In The Spotlight

This story is written by someone who I am very proud to be related to, even if its only by marriage.  A great storyteller, musician, and Mother of four; and the only person I know who actually uses the Facebook notes section.  Let’s imagine with her a very compelling story.


Mile Marker Twenty-Nine

by Cindy Clark

Imagine you have twenty things scheduled for Monday, but due to a recent, unexpected chain of events, you reschedule all of them and jump in a car…not your car, but your son’s car…and head east for Nashville, TN.  So, you make 20 phone calls on Sunday and 10 more on Monday before 9 a.m. to properly reschedule the twenty things, then you climb into your son’s car with your bags packed, all ready to go.  Now, imagine your other son has agreed to make the trip with you.  FUN!  Who doesn’t love a good road trip with someone they love!  You’ll eat crap and talk about fun times from the past and plan fun ones for the future.  GREAT!!  But, in the back of your mind you’re thinking, “hmmm…seems like I am forgetting something.”

You make a quick stop to pick up your son, you head east and life is good.  The sun is shining…good tunes playing on the stereo system (your son’s car has a much better stereo system than your car’s does) and you have a feeling of superiority, because you are such a great planner.  You can schedule things, reschedule things, make long trips at the drop of the hat,…you’re just plain old SMOOTH!!  About the time you get to Wynne, AR,  you decide to make a much needed pit stop for bathroom duty, unsweet ice tea and 20 chicken nuggets (your son’s purchase.)  You hop back in the car and you’re making really good time, despite the fact that you left home 1 and 1/2 hours later than you had planned.  No problem!  Just roll with it!

Then it comes to you.  That thing you forgot…that terrible, awful, dreadful oversight.  You’re just passing mile marker 28, east of Memphis.  You’re laughing and drinking unsweet ice tea and listening to Bela Fleck….and while the car is doing 70mph, it just dies.  You feel the car die….you get startled!!  You say to your son, “Oh gosh! The car died!!” (or something like that.)  You have the presence of mind to look at the gas gauge.  It is comfortably resting on… gravity held on… the big red “E.”  You say other words, prior to saying “I’ve run out of gas.”  Yes.  You’re a 49 year old mother of four (Or father, depending on who it is imagining this).  You finished four years of college.  People have employed you, in the past, to care for ailing individuals…sometimes actually performing procedures on them that might be life-threatening if not performed correctly and you have driven a 2004 yellow Ford Escape, with a smashed front-end from the deer that your son hit three weeks after he got that car in 2011, and enough trash and empty fast food cups in it to construct a three bedroom, 2000 sq. ft. home if you were so inclined.  You have driven it to the empty mark………………………..and you coast………………….just about 1/4 mile past mile marker 29.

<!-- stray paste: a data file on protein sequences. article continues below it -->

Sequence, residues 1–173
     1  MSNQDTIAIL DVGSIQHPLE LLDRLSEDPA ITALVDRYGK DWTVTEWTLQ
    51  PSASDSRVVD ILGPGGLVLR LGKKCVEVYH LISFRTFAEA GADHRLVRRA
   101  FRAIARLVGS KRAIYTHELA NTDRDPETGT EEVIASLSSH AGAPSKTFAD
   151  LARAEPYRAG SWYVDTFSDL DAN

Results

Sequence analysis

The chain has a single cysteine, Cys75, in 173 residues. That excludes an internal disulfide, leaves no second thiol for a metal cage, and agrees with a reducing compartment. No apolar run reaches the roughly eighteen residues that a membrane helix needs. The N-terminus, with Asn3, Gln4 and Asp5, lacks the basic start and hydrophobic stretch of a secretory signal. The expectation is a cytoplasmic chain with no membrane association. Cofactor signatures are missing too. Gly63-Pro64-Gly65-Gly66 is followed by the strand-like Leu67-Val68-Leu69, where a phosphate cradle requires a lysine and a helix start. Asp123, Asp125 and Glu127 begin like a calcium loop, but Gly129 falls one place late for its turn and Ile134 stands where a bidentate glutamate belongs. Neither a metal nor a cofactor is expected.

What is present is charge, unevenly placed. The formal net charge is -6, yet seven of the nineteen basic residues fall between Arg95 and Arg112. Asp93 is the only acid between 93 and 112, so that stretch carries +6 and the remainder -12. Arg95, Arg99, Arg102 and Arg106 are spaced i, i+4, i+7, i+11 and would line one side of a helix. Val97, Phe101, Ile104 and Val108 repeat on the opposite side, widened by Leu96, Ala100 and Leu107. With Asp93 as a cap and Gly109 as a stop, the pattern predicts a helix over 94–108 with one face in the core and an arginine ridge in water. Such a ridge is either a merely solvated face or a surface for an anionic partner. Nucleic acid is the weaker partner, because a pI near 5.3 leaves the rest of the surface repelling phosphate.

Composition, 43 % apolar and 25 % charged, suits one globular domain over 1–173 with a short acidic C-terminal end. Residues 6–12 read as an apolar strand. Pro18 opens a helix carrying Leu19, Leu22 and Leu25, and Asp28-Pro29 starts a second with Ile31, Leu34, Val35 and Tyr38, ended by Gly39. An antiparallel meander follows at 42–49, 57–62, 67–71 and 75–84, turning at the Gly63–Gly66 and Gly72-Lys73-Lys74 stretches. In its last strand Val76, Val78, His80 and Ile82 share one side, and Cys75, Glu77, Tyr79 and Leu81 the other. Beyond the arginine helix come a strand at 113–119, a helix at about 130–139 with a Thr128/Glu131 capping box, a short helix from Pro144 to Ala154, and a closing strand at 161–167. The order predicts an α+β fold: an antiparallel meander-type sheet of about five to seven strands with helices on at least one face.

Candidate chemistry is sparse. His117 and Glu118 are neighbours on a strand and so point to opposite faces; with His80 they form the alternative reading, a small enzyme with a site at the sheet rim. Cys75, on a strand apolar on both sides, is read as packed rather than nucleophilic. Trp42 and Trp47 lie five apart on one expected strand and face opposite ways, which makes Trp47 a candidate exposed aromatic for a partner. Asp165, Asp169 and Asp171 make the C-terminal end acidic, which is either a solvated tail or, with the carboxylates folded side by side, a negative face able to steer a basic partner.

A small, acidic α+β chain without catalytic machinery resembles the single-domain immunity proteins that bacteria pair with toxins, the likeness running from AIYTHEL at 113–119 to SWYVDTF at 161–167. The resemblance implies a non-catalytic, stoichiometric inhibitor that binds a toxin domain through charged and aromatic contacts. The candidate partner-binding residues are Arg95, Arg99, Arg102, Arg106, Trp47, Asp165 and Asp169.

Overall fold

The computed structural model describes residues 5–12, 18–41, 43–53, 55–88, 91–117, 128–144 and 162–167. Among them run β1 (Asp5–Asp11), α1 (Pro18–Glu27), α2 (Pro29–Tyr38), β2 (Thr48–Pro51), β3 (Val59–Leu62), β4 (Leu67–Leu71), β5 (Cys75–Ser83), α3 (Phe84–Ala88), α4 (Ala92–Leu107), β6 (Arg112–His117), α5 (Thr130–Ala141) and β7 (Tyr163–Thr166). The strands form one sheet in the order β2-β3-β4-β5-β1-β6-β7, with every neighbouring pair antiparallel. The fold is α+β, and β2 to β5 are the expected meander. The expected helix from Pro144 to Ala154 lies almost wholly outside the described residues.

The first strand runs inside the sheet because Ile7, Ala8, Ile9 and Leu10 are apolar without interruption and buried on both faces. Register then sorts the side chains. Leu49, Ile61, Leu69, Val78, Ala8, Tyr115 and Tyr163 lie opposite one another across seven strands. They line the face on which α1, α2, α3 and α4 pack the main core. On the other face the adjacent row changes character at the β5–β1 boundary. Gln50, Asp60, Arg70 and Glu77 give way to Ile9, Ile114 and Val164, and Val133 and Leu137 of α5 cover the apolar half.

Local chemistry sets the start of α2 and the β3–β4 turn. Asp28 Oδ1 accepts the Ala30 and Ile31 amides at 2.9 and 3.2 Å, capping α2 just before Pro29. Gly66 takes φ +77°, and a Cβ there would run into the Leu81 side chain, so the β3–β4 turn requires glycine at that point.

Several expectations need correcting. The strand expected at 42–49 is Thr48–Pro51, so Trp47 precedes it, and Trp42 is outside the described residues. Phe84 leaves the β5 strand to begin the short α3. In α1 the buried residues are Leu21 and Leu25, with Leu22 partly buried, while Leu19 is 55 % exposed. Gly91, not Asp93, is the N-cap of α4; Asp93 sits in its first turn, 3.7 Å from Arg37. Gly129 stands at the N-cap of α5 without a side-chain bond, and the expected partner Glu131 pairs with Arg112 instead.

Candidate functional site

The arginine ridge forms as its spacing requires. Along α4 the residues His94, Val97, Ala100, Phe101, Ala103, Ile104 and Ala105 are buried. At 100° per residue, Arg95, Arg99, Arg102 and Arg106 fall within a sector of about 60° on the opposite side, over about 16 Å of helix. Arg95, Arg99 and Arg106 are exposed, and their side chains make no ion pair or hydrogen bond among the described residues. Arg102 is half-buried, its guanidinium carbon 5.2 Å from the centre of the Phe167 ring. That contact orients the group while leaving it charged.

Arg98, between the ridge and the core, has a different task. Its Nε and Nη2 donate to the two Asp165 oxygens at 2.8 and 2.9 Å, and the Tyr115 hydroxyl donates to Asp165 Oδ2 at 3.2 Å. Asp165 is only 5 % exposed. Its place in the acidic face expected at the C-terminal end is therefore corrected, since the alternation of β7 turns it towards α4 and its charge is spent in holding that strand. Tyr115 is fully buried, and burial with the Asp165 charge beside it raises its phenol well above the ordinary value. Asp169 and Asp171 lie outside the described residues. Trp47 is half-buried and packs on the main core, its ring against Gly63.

If your life were a sitcom or a drama (I assure you, mine is both), at the same moment that your eyes saw “empty” and you said those words out loud, the director of that particular episode would have had the cameras zoom into your face, with your “deer in headlights” look, and the words that were coming out of your voice would have sounded like one of those characters on Dr. Who whose voice was akin to Beelzebub….complete with slow motion sound effects.  As your 21 year old son tried to keep you calm while you are now coasting on the shoulder of I-40, just past mile marker 29.  You have the ghosts of the same feelings you had in college when you found out that a non-refundable plane ticket to Panama had been purchased for you for $900 and you were leaving for Panama in 3 weeks and you were only raising your hand when they were talking about buying plane tickets because you thought it sounded like “fun”, not because you thought they would really purchase a ticket for you because you raised your hand when the teacher asked, “Who is thinking about going to Panama on that medical mission?” …but let’s not get off topic here……that is another story…and we are still imagining this one.

Now, here you are…side of the road….just past mile marker 29…headed east….to Nashville….*sigh*…….** big sigh**. What do you do?  Of course, you call your significant other to tell them, because you know that there is something that they can do.  Might I add here, that if you have not yet purchased some sort of smartphone for these kinds of events, it might be a good time to consider that purchase.  But I digress again.  Your significant other looks up the number for the DOT (Dept. of Transportation).  You call it.  They quickly inform you that they only service people in the eastern Memphis area…to the point of mile marker 27!   Twenty-SEVEN…not twenty-nine.  You ask what to do now!?  They give you the number for the Tennessee State Highway Patrol.  You call.  They say, “We’ll have to put in a report and send someone out to you.  Do you know where you’re at?”  Yes.  You are at HIGHWAY MARKER TWENTY-FREAKIN’-NINE!!”  but you don’t say it like that.   So then, you and your son wait.